Nvidia's Great Big Non-Event

The stock split heard 'round the world.

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Jeff’s Random Words

Jeff is on vacation. Again. Only bankers and educators get this much time off.

Jason’s Random Words

Nvidia is an interesting company to follow right now. The more I have studied AI and the massive spending that is basically all going to Nvidia, the more I realize that the seemingly absurd numbers that are being tossed around for possible spending to build out the necessary computing infrastructure could actually be underestimating the scale of the AI opportunity.

I am also reminded that, so far, few companies have really done anything with generative AI that makes them money; so far it’s mostly been Nvidia, AMD, and the companies making the machines, tooling, and software used to manufacture semiconductors that are profiting. If that doesn’t change, this could play out exactly like the dot com boom and bust; i.e. a lot of money gets lost by investors over the next half-decade.

Which brings me back to Nvidia. Well, really it brings be back to Nvidia, along with math and psychology. This past week I made a couple of videos about the Nvidia stock split. The first video was just a breakdown of what was happening (the 8-piece Nvidia pizza getting cut into an 80-piece pizza) and that the best thing investors should focus on what the opportunity and fundamentals. The second video came about in response to a lot of the comments — and the things I was reading and hearing in the pre-split zeitgeist — of people trying to figure out what to do. Generally these were the questions people had been asking before the split, which happened after the close on Friday:

  • Should I buy before the split?

  • Should I sell before the split?

  • Should I buy after the split?

  • Should I sell after the split?

There were also lots of questions and some pretty dumb assertions around the valuation post-split. One YouTube commentor who claimed to be the CFO of a big company, and said that the PE ratio would fall from the pre-split 70 to 7 after the split. Yeah, that’s not how splits work. I hope that guy (it’s always a guy posting ignorant nonsense anon on stock videos on YouTube) isn’t really a CFO.

So the math is simple, and Nvidia’s potential is pretty simple, too. The AI boom has to just keep booming, and the companies like Microsoft and Meta Platforms and a dozen or a hundred more who are also working on building tools out of generative AI just have to start selling them to their customers, and their customers have to get enough benefit to keep buying and buy more. If that happens, the math gets very favorable for Nvidia to get even bigger and more profitable and for investors to keep winning over the long term.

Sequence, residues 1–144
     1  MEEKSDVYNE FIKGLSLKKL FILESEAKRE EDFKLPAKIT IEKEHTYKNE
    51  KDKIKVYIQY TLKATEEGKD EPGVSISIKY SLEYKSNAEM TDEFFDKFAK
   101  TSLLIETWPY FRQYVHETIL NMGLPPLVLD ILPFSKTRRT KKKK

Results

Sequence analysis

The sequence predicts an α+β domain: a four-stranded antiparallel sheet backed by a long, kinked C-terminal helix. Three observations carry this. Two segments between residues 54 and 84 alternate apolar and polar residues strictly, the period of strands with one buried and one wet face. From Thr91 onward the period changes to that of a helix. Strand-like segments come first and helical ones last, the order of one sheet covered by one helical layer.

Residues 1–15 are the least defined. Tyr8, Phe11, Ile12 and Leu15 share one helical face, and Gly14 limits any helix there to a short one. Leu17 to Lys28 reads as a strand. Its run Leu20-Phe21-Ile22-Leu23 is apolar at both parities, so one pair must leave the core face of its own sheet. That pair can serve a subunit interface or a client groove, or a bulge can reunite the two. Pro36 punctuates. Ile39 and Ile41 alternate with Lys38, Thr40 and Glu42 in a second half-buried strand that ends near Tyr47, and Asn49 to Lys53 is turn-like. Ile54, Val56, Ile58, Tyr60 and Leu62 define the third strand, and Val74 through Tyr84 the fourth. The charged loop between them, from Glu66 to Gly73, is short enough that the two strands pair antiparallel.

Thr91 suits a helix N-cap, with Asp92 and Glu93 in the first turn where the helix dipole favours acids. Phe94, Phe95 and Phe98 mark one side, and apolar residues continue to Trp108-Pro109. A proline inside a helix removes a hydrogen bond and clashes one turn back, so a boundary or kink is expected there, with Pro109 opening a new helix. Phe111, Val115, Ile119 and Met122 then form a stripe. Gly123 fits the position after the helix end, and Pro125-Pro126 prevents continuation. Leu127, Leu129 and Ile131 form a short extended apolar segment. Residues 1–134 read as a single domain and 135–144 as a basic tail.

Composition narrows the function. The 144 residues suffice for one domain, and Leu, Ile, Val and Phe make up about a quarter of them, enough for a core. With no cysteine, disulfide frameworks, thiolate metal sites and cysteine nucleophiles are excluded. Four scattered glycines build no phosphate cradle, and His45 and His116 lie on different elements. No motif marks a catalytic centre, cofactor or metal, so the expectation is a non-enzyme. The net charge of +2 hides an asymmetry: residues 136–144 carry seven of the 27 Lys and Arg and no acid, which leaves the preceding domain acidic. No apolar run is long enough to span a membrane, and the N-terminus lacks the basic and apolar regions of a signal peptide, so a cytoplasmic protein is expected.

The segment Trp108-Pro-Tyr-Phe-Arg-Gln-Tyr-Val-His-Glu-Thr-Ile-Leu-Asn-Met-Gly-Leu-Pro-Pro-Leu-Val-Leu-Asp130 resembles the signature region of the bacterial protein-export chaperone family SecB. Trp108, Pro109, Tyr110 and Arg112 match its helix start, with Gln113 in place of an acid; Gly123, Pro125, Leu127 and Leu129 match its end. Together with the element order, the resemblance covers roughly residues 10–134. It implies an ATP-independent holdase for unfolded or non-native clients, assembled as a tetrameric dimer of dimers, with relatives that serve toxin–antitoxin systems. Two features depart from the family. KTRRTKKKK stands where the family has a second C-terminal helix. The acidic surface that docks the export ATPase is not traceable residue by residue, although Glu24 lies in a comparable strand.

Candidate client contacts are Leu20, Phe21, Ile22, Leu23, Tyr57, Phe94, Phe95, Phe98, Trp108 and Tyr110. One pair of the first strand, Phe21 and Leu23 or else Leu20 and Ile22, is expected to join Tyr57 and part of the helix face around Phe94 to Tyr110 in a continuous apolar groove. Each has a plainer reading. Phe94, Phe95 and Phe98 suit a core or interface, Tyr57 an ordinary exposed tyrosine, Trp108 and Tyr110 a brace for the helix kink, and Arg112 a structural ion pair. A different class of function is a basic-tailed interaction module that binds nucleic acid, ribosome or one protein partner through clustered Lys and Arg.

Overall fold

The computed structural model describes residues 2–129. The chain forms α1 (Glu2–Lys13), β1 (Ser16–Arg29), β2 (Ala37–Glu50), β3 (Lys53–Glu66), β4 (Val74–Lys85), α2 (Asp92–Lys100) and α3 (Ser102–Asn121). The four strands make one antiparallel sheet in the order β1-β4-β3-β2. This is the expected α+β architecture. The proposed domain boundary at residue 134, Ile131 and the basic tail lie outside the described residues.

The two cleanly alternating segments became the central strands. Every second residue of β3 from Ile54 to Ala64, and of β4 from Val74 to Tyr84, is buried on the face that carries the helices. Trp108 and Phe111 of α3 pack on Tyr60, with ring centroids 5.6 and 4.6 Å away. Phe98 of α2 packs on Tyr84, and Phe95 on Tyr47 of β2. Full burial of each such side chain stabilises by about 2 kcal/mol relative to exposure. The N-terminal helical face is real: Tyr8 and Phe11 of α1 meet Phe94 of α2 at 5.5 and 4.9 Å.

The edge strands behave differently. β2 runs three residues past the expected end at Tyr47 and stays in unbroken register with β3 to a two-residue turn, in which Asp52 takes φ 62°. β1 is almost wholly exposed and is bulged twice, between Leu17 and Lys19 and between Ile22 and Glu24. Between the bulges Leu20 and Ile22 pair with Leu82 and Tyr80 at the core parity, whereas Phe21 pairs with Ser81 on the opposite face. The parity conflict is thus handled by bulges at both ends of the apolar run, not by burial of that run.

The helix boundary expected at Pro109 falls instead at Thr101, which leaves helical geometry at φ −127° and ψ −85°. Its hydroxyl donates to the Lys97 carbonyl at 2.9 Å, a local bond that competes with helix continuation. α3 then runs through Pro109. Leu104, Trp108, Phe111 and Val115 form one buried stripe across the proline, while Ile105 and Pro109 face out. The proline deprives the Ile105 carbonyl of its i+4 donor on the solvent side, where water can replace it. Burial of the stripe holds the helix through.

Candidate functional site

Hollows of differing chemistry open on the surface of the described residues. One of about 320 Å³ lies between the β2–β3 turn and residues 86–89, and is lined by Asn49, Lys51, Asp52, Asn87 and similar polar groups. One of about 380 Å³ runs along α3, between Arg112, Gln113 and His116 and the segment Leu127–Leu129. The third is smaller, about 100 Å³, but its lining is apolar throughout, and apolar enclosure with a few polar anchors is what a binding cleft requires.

Now, the psychology. Our YouTube channel is almost two years old, and we had around 5,000 subscribers prior to making those two videos. About a week since posting the first one, and we have over 6,100 subscribers. Those two videos increased our subscriber count by what we generally pick up in about three months. They have also generated more than 21% of our total traffic for all of 2024.

And this is all over something that, intellectually, we all know is a non-event: a stock split.

Thing is, we are humans, and humans are constantly looking for indicators, triggers, and patterns that can give us an edge. Greed and fear have driven us for millennia, and our ability to know when to act has proven just as valuable as knowing what to do. A few thousand years ago, if you knew when the fruiting trees in that valley to the north would produce fruit, getting there before the local wildlife did could be the difference between life and death.

The thing is, the parts of our brain that process information and look for signals and patterns can’t tell the difference, and it will ignore the rational mind that says “nothing to see here.” Overriding the rational mind paid dividends when we slept in trees or on the ground and could literally be eaten alive by predators every night. But it’s a serious detriment to a lot of parts of modern life, particularly making better investment decisions.

So what to do? I think it gets back to having an investing framework that’s built around your short- and long-term goals, and filling your toolbox with tools that help you make the most of the things you’re good at, and harder to do the things that can undermine your success. Jeff and I talked a little about this in three recent episodes, Imposer or Investor, 3 Things to Know Before Buying Your First (or Next) Stock, and How to Be a Successful Stock Seller.

There will always be pretty, shiny, distractions standing between you and financial success. And I think just as Odysseus did with the Harpies, we should both listen to them, and tie ourselves to the mast of our investing ship. We have to know what they look like and sound like, and we also have to take steps to keep from acting on them.

You can do it,

Jason

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